Although navigating around the filesystem is helpful, so is running the tools you know and love, such as ipconfig and notepad. Type the command name and you’ll see results like those shown in Example 1-2.

Example 1-2. Windows tools and applications, such as ipconfig, run in PowerShell just as they do in the Windows prompt
PS >ipconfig

Windows IP Configuration

Ethernet adapter Wireless Network Connection 4:

      Connection-specific DNS Suffix  . : hsd1.wa.comcast.net.
      IP Address. . . . . . . . . . . . : 192.168.1.100
      Subnet Mask . . . . . . . . . . . : 255.255.255.0
      Default Gateway . . . . . . . . . : 192.168.1.1
PS >notepad
(notepad launches)

Entering ipconfig displays the IP addresses of your current network connections. Entering notepad runs—as you’d expect—the Notepad editor that ships with Windows. Try them both on your own machine.

Structured Commands (Cmdlets)

In addition to supporting traditional Windows executables, PowerShell introduces a powerful new type of command called a cmdlet (pronounced command-let.) All cmdlets are named in a Verb-Noun pattern, such as Get-Process, Get-Content, and Stop-Process.

PS >Get-Process -Name lsass

Handles NPM(K) PM(K)  WS(K)  VM(M) CPU(s)  Id  ProcessName
------- ------ -----  -----  ----- ------  --  -----------
    668     13  6228  1660      46        932  lsass

In this example, you provide a value to the ProcessName parameter to get a specific process by name.

Tip

Once you know the handful of common verbs in PowerShell, learning how to work with new nouns becomes much easier. While you may never have worked with a certain object before (such as a Service), the standard Get, Set, Start, and Stop actions still apply. For a list of these common verbs, see Chapter 5.

You don’t always have to type these full cmdlet names, however. PowerShell lets you use the Tab key to auto-complete cmdlet names and parameter names:

PS >Get-Pr<Tab> -N<Tab> lsass

For quick interactive use, even that may be too much typing. For improved efficiency, PowerShell defines aliases for all common commands and lets you define your own. In addition to alias names, PowerShell only requires that you type enough of the parameter name to disambiguate it from the other parameters in that cmdlet. PowerShell is also case-insensitive. Using the built-in gps alias that represents the Get-Process cmdlet (along with parameter shortening), you can instead type:

PS >gps -n lsass

Going even further, PowerShell supports positional parameters on cmdlets. Positional parameters let you provide parameter values in a certain position on the command line, rather than having to specify them by name. The Get-Process cmdlet takes a process name as its first positional parameter. This parameter even supports wildcards:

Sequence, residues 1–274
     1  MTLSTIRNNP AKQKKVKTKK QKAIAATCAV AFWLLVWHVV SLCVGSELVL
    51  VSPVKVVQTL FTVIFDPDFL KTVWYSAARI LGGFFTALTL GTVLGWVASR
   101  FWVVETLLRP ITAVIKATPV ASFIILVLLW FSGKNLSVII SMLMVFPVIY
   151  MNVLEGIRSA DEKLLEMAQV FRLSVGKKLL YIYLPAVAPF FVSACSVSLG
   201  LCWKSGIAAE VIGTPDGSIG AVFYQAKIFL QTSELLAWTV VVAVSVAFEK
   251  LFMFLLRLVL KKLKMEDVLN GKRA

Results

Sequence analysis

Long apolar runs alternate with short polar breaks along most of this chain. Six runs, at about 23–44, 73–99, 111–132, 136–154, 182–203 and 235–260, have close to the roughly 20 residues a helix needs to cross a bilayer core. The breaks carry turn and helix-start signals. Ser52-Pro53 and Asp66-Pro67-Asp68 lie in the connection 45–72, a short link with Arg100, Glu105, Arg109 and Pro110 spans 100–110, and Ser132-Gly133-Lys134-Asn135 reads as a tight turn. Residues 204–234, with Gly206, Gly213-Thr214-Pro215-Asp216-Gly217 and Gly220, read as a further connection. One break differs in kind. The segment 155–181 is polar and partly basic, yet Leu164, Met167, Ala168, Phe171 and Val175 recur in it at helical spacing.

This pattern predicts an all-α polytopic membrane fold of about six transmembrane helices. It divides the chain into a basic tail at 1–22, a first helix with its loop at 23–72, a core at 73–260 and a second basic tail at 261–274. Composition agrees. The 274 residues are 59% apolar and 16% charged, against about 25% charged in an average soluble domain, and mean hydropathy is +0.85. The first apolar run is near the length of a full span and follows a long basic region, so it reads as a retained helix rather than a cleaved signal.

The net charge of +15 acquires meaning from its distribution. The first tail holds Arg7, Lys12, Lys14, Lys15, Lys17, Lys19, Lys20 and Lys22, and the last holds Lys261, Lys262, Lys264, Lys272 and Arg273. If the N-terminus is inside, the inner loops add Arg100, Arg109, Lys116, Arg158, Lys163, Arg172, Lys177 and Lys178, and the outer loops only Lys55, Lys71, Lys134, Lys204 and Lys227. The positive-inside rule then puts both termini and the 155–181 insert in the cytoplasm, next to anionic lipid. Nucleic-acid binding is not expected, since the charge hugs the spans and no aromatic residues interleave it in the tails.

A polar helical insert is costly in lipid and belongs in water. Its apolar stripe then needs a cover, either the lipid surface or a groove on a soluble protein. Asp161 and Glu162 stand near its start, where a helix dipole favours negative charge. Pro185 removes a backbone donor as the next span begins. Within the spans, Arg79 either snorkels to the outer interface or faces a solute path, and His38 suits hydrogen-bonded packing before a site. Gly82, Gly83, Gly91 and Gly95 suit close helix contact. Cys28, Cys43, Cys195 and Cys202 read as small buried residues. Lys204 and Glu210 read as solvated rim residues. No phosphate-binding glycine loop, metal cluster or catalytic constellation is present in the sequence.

PS >gps l*s

Deep Integration of Objects

PowerShell begins to flex more of its muscle as you explore the way it handles structured data and richly functional objects. For example, the following command generates a simple text string. Since nothing captures that output, PowerShell displays it to you:

PS >"Hello World"
Hello World

The string you just generated is, in fact, a fully functional object from the .NET Framework. For example, you can access its Length property, which tells you how many characters are in the string. To access a property, you place a dot between the object and its property name:

PS >"Hello World".Length
11

All PowerShell commands that produce output generate that output as objects as well. For example, the Get-Process cmdlet generates a System.Diagnostics.Process object, which you can store in a variable. In PowerShell, variable names start with a $ character. If you have an instance of Notepad running, the following command stores a reference to it:

$process = Get-Process notepad

Since this is a fully functional Process object from the .NET Framework, you can call methods on that object to perform actions on it. This command calls the Kill() method, which stops a process. To access a method, you place a dot between the object and its method name:

$process.Kill()

PowerShell supports this functionality more directly through the Stop-Process cmdlet, but this example demonstrates an important point about your ability to interact with these rich objects.

Administrators As First-Class Users

While PowerShell’s support for objects from the .NET Framework quickens the pulse of most users, PowerShell continues to focus strongly on administrative tasks. For example, PowerShell supports MB (for megabyte) and GB (for gigabyte) as some of the standard administrative constants. For example, how many disks will it take to back up a 40 GB hard drive to CD-ROM?

PS >40GB / 650MB
63.0153846153846

Just because PowerShell is an administrator-focused shell doesn’t mean you can’t still use the .NET Framework for administrative tasks, though! In fact, PowerShell makes a great calendar. For example, is 2008 a leap year? PowerShell can tell you:

PS >[DateTime]::IsLeapYear(2008)
True

Going further, how might you determine how much time remains until summer? The following command converts "06/21/2008" (the start of summer) to a date, and then subtracts the current date from that. It stores the result in the $result variable, and then accesses the TotalDays property.